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The Great Alien Debate (Part 1)

This post is one in a series covering, and expanding on, topics in the book The Copernicus Complex (Scientific American/FSG).           The conversation usually goes like this: Do you think we’re alone in the universe?...

August 26, 2014 — Caleb A. Scharf
Antwerp, 1914: New Technology, Civilian Targets

Antwerp, 1914: New Technology, Civilian Targets

Reported in Scientific American—This Week in World War I: September 19, 1914 The Belgian field army retreated into the fortified city of Antwerp only 16 days after the Germans had invaded...

September 26, 2014 — Dan Schlenoff
Under the Deep Sea (A Little Mermaid Parody)

Under the Deep Sea (A Little Mermaid Parody)

Those of you following this blog know that I love me a great science music video parody. This awesome one from College Humor does not disappoint!

September 18, 2014 — Carin Bondar
Will Solar Float to the Rescue in Japan?

Will Solar Float to the Rescue in Japan?

Land-constraints and a massive nuclear shutdown have intensified the debate over where to put new electricity generation capacity in Japan.

September 15, 2014 — Melissa C. Lott
Mystery of Mars ‘Doughnut’ Rock Solved

Mystery of Mars ‘Doughnut’ Rock Solved

About a month ago an intriguing pair of images from NASA’s Opportunity rover on Mars showed a curious rock that had seemingly appeared our of nowhere during the course of 12 days.

February 18, 2014 — Caleb A. Scharf
Eat Small: Why our Big Fish Problem is leading to big fish problems

Eat Small: Why our Big Fish Problem is leading to big fish problems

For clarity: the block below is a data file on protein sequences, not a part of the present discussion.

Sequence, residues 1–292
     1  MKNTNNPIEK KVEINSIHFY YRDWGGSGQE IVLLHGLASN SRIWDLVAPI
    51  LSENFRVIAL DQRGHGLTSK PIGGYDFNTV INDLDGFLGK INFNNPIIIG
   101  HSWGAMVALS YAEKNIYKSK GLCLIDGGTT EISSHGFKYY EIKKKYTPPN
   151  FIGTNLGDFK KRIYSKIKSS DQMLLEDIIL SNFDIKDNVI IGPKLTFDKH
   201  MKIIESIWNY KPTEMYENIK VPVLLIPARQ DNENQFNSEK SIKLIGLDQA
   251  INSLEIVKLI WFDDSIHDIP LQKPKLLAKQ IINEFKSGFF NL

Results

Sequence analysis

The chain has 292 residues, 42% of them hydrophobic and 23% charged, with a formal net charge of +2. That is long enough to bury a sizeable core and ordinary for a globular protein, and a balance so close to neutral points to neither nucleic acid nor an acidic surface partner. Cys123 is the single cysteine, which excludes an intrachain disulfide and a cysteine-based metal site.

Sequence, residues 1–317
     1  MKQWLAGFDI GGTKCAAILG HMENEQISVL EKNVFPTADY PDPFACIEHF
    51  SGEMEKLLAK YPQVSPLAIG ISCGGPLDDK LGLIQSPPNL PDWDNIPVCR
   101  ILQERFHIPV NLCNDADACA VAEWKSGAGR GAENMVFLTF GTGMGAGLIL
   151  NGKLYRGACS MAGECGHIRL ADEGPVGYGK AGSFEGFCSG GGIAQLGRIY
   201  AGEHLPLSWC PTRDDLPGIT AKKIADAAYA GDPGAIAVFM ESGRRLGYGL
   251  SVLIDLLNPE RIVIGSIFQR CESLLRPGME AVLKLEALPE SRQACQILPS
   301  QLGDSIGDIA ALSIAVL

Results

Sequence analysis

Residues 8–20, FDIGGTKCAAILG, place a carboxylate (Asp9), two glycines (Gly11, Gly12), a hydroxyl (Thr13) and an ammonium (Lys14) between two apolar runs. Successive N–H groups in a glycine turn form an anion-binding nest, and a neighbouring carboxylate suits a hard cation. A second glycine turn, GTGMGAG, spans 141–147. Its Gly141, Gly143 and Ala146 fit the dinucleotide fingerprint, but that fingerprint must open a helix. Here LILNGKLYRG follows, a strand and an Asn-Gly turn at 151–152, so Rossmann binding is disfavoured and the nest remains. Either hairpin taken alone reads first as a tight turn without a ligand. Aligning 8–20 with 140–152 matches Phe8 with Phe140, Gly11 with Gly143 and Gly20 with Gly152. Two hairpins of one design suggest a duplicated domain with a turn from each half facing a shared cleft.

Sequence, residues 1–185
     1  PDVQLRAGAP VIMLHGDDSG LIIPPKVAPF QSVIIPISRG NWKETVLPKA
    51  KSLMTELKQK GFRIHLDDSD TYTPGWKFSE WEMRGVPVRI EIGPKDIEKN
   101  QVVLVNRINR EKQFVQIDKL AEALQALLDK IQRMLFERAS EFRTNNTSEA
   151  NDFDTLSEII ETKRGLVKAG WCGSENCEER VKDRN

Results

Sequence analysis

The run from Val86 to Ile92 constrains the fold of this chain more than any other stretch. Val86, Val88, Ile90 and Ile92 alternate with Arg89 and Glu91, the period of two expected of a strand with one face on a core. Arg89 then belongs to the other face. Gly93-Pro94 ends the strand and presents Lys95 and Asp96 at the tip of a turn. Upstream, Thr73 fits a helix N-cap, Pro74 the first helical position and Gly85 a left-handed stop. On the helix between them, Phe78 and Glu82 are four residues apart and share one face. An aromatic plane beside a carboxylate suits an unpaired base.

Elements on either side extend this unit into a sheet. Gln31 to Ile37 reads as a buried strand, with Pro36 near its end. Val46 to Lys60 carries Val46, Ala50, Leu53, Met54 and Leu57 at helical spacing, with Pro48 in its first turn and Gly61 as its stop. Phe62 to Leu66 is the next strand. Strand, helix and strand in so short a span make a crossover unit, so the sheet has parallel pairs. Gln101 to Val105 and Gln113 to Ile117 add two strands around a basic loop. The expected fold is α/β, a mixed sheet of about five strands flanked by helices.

The following is an excerpt from Patrick Mustain’s post on the Food Matters blog: We like big fish. And thats a problem, according to Andy Sharpless, CEO of the ocean conservation organization Oceana, and co-author (along with Suzannah Evans) of the book The Perfect Protein...

February 13, 2014 — Carin Bondar
Up Close and Personal With a Humpback Whale

Up Close and Personal With a Humpback Whale

Wow. I’m not sure what impressed me more – the humpback vocalizations or the fact that this ‘Crazy Cameraman’ must have nerves of steel.

February 10, 2014 — Carin Bondar
Self-Driving Cars Are a Modern Miracle Waiting to Happen

Self-Driving Cars Are a Modern Miracle Waiting to Happen

When Bran Ferren was 9 years old his parents took him to the Pantheon in Rome. He looked around  at the marble and sculptures, which seemed typical in the ancient city, and then he looked up at the ceiling, which didn't seem typical at all...

March 18, 2014 — Fred Guterl
ZappyLab: Using technology to make DOING science research easier

ZappyLab: Using technology to make DOING science research easier

With only one day left and less than $2,000 to go, I want to see this science app company Kickstarter campaign make it! ZappyLab offers what they call Bench Tools – a suite of research tools for those who do laboratory life science research.  Nice idea and I love reserach tech, especially those that can be used on mobile devices.  My [...]..

March 14, 2014 — DNLee

How to Reconcile Big Data and Privacy

In many ways "big data" and "encryption" are antithetical. The former involves harvesting, storing and analyzing information to reveal patterns that researchers, law enforcement and industry can use to their benefit...

March 6, 2014 — Larry Greenemeier

The Day the World's ATMs Stood Still--or Didn't

You're probably on tenterhooks wondering what will happen to your reliable, convenient ATM on April 8, the day Microsoft officially sticks a fork in its hugely popular Windows XP operating system...

April 7, 2014 — Larry Greenemeier
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Scientific American Health & Medicine

Scientific American Health & Medicine